The political context of the current Egyptian uprising is clear: The United States has steadfastly supported dictator Hosni Mubarak, whose rule has been marked by sham elections and the jailing and torture of dissidents, propping up his regime since 1981 with some $60 billion in aid, most of it military (Congressional Research Service, 2/1/11).
But since U.S. corporate media are accustomed to viewing international affairs through the lens of U.S. elite interests, much of the early coverage elided the nature of Washington’s role, presenting the crisis as a “tightrope” balancing act for the Obama administration.
As the New York Times (1/26/11) put it, “The administration has tried to balance its ties to Mr. Mubarak with expressions of concern about rigged elections and jailed dissidents in his country.” On the PBS NewsHour, Margaret Warner (1/31/11) said, “The chaos in Egypt posed a delicate diplomatic challenge for the United States: appealing for democracy without alienating an ally.” Or as NBC Nightly News anchor Kate Snow (1/29/11) asked: “Is it a bit of a tightrope that the U.S. has to walk here, though, in terms of wanting to promote democracy on the one hand, but being a longtime ally of the Mubarak administration?”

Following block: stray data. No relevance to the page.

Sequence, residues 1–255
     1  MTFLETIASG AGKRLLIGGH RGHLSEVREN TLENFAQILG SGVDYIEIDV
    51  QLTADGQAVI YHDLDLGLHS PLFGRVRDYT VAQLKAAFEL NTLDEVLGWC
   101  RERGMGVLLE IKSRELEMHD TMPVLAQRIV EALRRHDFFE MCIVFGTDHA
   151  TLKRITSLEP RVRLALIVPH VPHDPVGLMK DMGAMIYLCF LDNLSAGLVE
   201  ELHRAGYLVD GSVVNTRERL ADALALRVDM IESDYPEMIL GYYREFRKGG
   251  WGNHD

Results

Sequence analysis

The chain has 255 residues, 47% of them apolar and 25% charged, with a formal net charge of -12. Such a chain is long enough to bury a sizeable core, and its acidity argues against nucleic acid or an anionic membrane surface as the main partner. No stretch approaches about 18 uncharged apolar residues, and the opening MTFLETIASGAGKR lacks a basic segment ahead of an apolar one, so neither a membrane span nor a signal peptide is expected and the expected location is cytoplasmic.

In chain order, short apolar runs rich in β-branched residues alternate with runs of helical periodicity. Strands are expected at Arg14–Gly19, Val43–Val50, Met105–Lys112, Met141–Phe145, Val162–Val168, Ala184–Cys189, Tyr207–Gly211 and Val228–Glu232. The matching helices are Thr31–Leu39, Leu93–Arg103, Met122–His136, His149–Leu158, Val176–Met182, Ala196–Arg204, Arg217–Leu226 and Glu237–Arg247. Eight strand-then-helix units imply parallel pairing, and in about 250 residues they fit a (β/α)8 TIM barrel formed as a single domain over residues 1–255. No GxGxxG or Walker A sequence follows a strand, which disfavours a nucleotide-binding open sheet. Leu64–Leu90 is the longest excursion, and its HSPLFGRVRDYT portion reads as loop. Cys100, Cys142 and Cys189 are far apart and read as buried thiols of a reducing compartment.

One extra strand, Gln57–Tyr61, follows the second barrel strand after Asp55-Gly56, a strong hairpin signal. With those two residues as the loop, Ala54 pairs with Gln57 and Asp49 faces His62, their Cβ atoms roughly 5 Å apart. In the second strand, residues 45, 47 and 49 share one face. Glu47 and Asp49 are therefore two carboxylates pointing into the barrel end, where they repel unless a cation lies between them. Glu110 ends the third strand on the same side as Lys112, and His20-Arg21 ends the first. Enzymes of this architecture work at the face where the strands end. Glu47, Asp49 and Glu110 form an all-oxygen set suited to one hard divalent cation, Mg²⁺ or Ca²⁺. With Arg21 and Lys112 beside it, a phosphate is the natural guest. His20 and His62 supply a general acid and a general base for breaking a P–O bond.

Pundits attempting to walk that tightrope wound up looking rather wobbly. L.A. Times columnist Doyle McManus argued (2/3/11) that the United States “has attempted a difficult balancing act for decades where Egypt is concerned.... In Egypt and elsewhere, the United States has tried to promote democracy and preserve stability at the same time.” McManus wound up acknowledging that “Washington has usually opted for stability first,” and that the Obama administration had mostly done the same—which doesn’t sound like much of a “balance.”
Nevertheless, an L.A. Times editorial (1/28/11) implausibly argued that the U.S. record of support for Mubarak would mean that “it is in a unique position to impress upon him the importance of democracy.”